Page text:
Archives For seabirds

By DOC’s Government Support Manager (and keen photographer), Brian Sheppard

New Zealand’s magnificent shorebirds are masters of their elements but they only reach this supreme state of being after rigorous training of mind and body.

Variable oystercatcher. Photo © Brian Sheppard.

Variable oystercatcher

To a casual observer, the birds are just mooching around, or foraging for food, but look closer. You might be surprised to see what they are really up to.

I dropped in on a couple of Wellington’s shorebird chapters: the beach chapter at Petone, and the city branch at Wellington Harbour, to watch their training sessions.

Two oystercatchers wading in the shallow water. Photo © Brian Sheppard.

Finishing afternoon tea

A pair of oystercatchers were just finishing their afternoon tea at the beach to fortify themselves for their self-improvement class. The first one led the way, closely followed by an inquisitive red-billed gull.

Oystercatcher closely followed by an inquisitive red-billed gull. Photo © Brian Sheppard.

Oystercatcher closely followed by an inquisitive red-billed gull

The tide was in and pounding against the end of a concrete pier.

No fear!

No fear!

The pair of oystercatchers took their positions at the end of the pier where the raging sea would drench them. They showed no fear but just stared down the approaching waves.

The gulls arrived shortly afterwards but they were the new entrants to the class, taking a back row – watching and learning from the masters.

Gulls take a back row – watching and learning from the masters

Gulls take a back row – watching and learning from the masters

With the skills learned from the beach, the gulls tried to apply them, in the comparative privacy of Wellington Harbour. Their test was to hone their flight skills on a spectacularly windy winter’s day. Their test area was the outfall from the wetland next to Te Papa.

Te Papa testing ground. Photo © Brian Sheppard.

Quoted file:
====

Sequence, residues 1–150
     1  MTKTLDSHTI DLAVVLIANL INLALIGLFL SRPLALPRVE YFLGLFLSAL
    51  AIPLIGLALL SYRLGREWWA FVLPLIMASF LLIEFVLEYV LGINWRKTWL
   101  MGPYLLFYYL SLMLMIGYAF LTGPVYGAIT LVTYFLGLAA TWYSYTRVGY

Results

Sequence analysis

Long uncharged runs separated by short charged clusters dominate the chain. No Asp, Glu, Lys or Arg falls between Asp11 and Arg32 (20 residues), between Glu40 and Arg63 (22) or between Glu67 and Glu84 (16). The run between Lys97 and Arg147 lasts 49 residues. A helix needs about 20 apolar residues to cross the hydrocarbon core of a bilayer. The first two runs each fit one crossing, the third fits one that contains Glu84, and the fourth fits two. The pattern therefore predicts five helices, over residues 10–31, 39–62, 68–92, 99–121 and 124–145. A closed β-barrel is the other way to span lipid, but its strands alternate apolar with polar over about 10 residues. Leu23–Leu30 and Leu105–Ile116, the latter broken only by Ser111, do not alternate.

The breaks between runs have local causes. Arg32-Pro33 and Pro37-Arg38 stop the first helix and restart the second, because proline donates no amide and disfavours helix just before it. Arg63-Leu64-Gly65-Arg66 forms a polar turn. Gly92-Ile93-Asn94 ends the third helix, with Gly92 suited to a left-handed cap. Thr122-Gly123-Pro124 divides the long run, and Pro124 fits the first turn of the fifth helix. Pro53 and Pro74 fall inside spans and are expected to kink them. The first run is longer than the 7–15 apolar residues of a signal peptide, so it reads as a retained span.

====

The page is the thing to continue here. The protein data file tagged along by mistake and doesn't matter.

Te Papa testing ground

As they arrived, their first task was to stand their ground in the face of the wind that was blowing the falling water back the way it came.

Red-billed gull. Photo © Brian Sheppard.

Beaten up by the wind

Following the example shown by the oystercatchers, the lead gull stepped to the edge to show no fear while being pelted by the spray and then to execute a flawless take-off.

Clearly a bit more practice was needed. He was nearly wiped out by a cross wind. It must have dented his confidence as I saw him later retaking his beginner’s take-off class. By that time, I had to get back to work, so I never witnessed the landing.

Red-billed gull. Photo © Brian Sheppard.

Red-billed gull

New Zealand is famous for its land birds like the kiwi and kākāpō. But just as remarkable and unique are our sea and shore birds.

More than a third of the 80 or so species of sea and shore birds that breed in New Zealand are found nowhere else on Earth, including the variable oystercatcher.

Both variable the oystercatcher and red-billed gull are native to New Zealand and are often found around our coast.

Do you have a ‘chapter’ of these shorebirds near you?

Titi, or sooty shearwaters, have one of the longest migrations of any bird on the planet.

Department of Conservation sea bird scientist, Graeme Taylor, is on Rangatira Island, in the Chatham Islands, to find out where they go.

His team employ a novel approach to try to retrieve 16 geolocators in 10 days.

Have a watch…

Rangatira Island, is one of New Zealand’s premier sea bird islands. It is free of all introduced pests and it is riddled with sea bird burrows.

By Lisa Hamker, Visitor Centre Ranger at Paparoa National Park.

Last month I shared a photo of one of our newest, cutest, and fluffiest additions here on the West Coast — a one month old Westland black petrel chick in its burrow just south of Punakaiki.

One month later and look what the fluffy petrel chick has turned into!

A juvenile Westland black petrel in a burrow. Photo: Bruce Stuart-Menteath.

The fluffy Westland black petrel has grown up

Like all children, this one grew up very fast, and has turned into an almost adult looking Westland black petrel. He has kept his handsome smile though, as well as some fluff on his belly.

His parents fed him well but, when he got too chubby to fit through the tunnel to get out of the burrow, they left him to get back into fighting fit shape for his next big adventure — flying practice!

Flying practice involves jumping off a cliff, launching into the air and, most of the time, a not so graceful crash landing. Good luck petrel, we’ve got our fingers crossed for you!

Thanks to Bruce Stuart-Menteath from Paparoa Nature Tours for the photograph.